14. Jimmy Jazz

    Jimmy Jazz Black Belt

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    lol i just caught your dolph reference. Nah man he just liked his chocolate lol
     
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  15. MadSquabbles500

    MadSquabbles500 Gold Belt

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    What kind of rock do you want to come back: Hair metal, or dark twisted demonic metal?

    Do you want this:


    Or this:



    Wait are you talking about this rock?

     
    Last edited: Jan 27, 2018
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  16. HHJ

    HHJ Plutonium Belt

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    I stopped paying attention to whats on tv and the radio a long time ago. I know what I like and how to get it,and thats quite enough for me.
     
  17. HHJ

    HHJ Plutonium Belt

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    Glam Rock was destined to burn out. All you have to do is watch The Decline of Western Civilization part 2: The "metal" years to see that there was no way that could sustain itself.
     
  18. PoundMeToo

    PoundMeToo Gold Belt

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    There is still rock being made, probably more than ever. It just isn't all "classic rock" it's much more varied.

    There are more mainstream acts like
    Cage the elephant
    Arctic monkeys
    Brand new
    Manchester orchestra
    Jack White

    Indie stuff
    Car Seat Headrest
    Tame Impala(latest album was more EDM to be fair)

    Just to name a few off the top of my head
     
  19. Gorack

    Gorack Purple Belt

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    I think his point is there aren't any of those "iconic" musicians or bands like Zeppelin, Sabbath, Stones etc. that EVERYBODY knew about and who filled football stadium size venues regularly. In rock right now, Dave Matthews Band and U2 are the first that come to mind that can still command audiences of that size through entire tours. Oh, and Dead and Company is a fucking cash cow like that too but that's not going to last I don't think. But, none of those debuted this century and personally I wouldn't go see any of them for free other than maybe U2 because they have outstanding production for their stage shows.

    The big stars now are mostly pop musicians like Lady Gaga, Kanye annnnd I don't listen to pop music so that's all that come to mind right now. But anyway, who could be the next big thing in rock is anyone's guess. Maybe nobody. Like someone else said; how much swing music are we hearing these days? To me what's more important is that swing music IS still being made and played, you just have to seek it out.

    Rock music will continue to be made. In jam rock alone there's more bands than ever pushing the style in countless directions. None are the clear heir apparent to Phish who are still the biggest thing in that scene (other than DMB but I don't consider them "jam" so much.) But that scene will continue to thrive and I'm sure it's like that in the metal scene, the industrial scene, the classic rock scene and on and on.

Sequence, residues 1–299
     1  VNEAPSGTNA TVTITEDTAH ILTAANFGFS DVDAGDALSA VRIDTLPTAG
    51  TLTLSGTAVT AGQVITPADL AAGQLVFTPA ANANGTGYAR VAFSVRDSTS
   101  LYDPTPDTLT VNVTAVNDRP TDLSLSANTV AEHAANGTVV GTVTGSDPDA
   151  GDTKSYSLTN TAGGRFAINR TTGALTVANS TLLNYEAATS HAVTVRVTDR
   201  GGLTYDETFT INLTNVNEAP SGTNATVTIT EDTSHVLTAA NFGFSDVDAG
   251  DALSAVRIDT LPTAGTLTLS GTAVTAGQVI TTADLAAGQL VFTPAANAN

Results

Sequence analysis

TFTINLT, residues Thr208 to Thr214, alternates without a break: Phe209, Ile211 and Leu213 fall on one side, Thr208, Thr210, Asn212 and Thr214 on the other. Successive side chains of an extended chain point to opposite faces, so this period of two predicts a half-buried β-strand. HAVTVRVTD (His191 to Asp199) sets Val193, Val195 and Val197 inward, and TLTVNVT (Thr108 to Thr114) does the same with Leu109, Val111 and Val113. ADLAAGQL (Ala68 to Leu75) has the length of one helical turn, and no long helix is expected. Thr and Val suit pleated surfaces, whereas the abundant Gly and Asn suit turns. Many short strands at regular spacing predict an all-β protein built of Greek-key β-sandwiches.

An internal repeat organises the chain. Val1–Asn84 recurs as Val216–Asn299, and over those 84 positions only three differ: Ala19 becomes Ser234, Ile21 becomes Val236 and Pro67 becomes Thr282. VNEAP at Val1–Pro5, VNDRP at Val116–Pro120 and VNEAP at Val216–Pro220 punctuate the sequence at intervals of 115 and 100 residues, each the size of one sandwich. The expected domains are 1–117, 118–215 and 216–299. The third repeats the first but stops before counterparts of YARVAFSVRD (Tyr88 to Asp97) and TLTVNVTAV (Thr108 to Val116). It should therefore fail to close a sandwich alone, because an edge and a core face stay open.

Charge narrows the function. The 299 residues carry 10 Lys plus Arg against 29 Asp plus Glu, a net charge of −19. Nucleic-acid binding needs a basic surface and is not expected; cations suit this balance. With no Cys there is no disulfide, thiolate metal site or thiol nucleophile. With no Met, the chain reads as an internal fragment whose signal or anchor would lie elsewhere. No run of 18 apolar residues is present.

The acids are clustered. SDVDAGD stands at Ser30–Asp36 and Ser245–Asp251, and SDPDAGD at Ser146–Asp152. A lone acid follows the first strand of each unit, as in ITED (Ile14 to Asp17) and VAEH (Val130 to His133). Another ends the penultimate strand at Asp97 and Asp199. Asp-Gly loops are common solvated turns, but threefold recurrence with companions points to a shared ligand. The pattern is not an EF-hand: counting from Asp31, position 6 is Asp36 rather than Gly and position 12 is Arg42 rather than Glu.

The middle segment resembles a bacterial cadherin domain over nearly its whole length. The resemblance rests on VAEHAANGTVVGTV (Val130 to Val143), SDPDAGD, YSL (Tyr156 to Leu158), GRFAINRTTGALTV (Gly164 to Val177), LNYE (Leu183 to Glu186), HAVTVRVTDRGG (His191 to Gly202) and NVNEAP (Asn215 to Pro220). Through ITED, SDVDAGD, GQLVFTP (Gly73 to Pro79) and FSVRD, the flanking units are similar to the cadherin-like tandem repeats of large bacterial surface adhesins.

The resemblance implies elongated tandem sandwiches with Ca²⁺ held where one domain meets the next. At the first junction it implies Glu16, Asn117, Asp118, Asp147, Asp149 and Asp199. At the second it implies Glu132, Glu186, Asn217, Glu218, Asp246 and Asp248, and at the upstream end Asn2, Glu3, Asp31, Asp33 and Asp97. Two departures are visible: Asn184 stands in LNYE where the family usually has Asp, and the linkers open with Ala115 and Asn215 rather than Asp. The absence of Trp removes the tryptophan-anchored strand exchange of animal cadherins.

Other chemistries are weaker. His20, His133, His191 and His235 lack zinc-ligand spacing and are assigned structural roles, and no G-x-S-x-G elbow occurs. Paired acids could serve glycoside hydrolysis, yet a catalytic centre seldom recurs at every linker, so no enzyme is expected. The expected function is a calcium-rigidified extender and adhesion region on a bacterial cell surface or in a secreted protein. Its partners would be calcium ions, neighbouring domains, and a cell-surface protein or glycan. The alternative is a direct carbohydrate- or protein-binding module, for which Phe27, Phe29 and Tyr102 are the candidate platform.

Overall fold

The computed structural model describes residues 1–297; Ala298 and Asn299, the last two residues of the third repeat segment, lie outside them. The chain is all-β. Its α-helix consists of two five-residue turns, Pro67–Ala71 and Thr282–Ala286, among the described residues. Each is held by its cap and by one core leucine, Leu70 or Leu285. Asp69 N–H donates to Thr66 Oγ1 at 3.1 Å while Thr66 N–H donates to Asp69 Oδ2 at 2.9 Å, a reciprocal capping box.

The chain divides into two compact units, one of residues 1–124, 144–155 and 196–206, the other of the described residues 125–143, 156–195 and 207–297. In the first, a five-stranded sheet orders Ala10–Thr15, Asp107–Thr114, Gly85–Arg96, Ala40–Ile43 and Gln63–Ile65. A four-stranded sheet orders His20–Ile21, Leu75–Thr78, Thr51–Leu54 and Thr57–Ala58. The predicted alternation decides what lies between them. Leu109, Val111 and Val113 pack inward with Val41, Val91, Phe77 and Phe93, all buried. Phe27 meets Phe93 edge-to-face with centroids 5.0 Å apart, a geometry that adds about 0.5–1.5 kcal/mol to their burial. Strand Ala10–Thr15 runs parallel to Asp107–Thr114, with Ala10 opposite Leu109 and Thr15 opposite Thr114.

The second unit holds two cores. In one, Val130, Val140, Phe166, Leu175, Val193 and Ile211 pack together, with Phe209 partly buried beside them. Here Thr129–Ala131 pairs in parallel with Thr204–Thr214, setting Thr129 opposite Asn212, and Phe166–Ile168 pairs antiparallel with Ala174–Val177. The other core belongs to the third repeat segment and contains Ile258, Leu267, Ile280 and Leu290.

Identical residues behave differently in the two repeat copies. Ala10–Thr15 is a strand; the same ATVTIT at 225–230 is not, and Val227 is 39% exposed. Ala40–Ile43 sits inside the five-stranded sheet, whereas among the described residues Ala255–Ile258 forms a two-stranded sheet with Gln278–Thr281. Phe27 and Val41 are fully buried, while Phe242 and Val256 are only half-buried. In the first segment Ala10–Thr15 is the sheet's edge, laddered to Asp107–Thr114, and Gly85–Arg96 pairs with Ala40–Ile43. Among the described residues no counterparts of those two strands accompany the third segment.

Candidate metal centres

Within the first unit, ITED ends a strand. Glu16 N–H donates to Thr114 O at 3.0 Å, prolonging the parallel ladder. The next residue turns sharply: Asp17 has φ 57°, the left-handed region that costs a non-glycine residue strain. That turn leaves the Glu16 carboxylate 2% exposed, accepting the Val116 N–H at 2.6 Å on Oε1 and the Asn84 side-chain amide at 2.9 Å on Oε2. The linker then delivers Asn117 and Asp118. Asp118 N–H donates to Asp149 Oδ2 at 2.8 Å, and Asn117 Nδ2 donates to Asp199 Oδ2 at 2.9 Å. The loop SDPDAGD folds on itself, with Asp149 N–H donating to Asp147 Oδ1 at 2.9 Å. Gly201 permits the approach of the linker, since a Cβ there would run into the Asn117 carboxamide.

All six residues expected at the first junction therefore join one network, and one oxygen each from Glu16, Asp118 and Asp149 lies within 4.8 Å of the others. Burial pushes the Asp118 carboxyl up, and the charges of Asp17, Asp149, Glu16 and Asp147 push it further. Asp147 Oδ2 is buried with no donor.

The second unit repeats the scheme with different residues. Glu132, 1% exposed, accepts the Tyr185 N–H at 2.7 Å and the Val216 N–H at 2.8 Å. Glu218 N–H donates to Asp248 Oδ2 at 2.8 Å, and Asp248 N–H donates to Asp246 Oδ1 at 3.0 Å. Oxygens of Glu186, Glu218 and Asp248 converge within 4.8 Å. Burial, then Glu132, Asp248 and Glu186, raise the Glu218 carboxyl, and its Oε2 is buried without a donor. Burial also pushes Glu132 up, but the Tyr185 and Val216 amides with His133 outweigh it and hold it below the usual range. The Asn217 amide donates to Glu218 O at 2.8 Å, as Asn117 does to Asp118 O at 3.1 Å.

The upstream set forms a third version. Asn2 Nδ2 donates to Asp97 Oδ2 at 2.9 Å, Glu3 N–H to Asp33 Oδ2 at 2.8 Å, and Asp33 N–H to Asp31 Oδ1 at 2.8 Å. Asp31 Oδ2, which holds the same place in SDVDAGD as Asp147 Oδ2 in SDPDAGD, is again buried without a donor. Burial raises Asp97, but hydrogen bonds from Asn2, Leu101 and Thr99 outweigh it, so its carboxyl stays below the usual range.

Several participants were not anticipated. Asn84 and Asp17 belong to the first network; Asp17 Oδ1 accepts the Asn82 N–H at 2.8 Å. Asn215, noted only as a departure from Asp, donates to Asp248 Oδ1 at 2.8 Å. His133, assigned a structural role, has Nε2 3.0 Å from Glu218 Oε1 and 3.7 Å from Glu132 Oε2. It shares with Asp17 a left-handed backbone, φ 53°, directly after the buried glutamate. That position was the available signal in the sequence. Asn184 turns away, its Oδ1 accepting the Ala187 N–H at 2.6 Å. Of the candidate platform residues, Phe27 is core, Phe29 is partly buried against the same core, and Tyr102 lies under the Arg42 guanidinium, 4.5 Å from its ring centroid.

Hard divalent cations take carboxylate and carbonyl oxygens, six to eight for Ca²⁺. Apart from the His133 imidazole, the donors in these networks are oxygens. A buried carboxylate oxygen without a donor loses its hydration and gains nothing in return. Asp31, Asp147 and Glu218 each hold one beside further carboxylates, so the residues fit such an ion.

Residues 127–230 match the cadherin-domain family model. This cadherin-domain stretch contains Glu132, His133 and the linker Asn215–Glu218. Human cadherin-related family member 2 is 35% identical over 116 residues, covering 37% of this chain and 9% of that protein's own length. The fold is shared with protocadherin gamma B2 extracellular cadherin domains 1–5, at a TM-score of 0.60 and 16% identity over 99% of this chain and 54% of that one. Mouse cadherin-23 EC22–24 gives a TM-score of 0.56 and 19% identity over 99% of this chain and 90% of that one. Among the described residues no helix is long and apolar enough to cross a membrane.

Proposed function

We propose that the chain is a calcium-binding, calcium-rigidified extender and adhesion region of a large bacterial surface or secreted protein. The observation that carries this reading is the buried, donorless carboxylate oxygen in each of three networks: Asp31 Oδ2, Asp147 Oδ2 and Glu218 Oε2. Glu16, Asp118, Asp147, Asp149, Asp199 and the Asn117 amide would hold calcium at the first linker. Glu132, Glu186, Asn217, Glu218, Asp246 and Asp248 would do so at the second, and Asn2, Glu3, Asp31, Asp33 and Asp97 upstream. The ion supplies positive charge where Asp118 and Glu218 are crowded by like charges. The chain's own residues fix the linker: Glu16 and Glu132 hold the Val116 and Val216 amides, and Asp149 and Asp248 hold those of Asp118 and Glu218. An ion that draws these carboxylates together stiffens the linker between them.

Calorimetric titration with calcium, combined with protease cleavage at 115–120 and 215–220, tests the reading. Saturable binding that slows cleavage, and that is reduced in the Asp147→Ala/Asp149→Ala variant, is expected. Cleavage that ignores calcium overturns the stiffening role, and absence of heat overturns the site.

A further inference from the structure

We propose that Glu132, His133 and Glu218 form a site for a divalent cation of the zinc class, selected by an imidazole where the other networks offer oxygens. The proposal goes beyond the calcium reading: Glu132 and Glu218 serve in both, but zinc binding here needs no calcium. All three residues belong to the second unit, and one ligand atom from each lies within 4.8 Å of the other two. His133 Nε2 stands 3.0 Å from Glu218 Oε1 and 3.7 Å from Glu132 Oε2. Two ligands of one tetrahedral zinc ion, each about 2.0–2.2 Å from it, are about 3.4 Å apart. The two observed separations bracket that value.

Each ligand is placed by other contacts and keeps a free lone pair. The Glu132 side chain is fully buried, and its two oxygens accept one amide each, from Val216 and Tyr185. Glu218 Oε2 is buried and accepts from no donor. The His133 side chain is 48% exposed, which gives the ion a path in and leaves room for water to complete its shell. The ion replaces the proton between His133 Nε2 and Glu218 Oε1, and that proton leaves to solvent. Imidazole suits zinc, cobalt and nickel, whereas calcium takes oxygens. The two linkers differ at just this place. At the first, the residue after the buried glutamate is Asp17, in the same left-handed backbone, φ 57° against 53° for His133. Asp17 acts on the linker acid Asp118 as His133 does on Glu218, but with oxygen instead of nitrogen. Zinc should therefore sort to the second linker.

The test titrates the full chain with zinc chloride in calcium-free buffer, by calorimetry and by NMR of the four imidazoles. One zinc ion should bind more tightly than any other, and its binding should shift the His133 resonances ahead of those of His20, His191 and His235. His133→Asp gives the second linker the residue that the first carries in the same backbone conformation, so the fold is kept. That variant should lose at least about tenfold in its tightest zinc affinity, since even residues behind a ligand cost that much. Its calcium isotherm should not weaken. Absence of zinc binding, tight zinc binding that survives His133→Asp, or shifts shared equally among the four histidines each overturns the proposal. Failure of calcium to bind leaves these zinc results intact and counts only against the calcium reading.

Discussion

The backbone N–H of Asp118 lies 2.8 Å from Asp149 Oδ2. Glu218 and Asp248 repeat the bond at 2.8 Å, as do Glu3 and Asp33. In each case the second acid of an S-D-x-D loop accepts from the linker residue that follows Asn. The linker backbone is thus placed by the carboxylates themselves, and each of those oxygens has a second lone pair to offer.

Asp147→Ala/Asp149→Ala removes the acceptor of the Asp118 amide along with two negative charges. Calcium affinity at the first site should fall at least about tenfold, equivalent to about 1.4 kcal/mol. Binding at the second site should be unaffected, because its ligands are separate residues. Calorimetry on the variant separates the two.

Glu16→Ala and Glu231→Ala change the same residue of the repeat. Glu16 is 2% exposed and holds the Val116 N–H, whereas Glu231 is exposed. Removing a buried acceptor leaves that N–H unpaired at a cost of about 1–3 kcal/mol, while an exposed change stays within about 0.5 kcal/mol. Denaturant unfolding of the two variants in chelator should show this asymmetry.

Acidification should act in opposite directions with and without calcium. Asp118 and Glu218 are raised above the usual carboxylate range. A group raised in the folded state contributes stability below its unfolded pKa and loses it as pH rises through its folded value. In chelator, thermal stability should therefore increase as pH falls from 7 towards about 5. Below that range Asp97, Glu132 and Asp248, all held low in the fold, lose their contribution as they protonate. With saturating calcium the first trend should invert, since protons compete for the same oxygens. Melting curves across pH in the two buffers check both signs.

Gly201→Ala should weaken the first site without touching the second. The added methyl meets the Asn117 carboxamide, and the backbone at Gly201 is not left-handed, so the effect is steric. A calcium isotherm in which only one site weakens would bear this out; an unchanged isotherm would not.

It's just that there's so much different music out there that people have access to that it seems unlikely a now dated genre like blues based rock will rise to the top again. Music is organic and will keep changing over time so genres are more blurred now than ever. Bands like The Beastie Boys or Daft Punk wouldn't be considered rock in this conversation I'm sure, but I'd argue that if it weren't for rock music we wouldn't have ever seen a Beastie Boys or a Daft Punk. All of those guys started out banging on drums and playing guitars and such trying to be "regular" musicians.

    Personally I don't care if the musicians I like are huge stars or not. I think Jim James (My Morning Jacket) is one of the greatest front men going in rock right now. He has a charisma and demeanor on stage that just oozes fucking cool rock star vibes. I didn't think that until their 2016 Lockn performance but from then on I've been sold. He's really come into his own as a lead singer imo. 10 years ago I wouldn't have said that. Those guys get some radio play but they're never going to be a household name like The Stones or whoever.

    I'll finish this just saying that I'm actually glad bands have to tour to make their money now. For me, being able to "bring it" live is what it's all about.
     
  20. Nameless Ghoul

    Nameless Ghoul Brown Belt

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    I'd say people need something to get them to go out and see bands live. They're happy just watching clips on YouTube, but that can never compare to being there live. I heard a saying once along the lines of "A good song can change your mind, but a great concert can change your life.". After that they'll keep coming back, while buying merchandise and spreading the word about the music.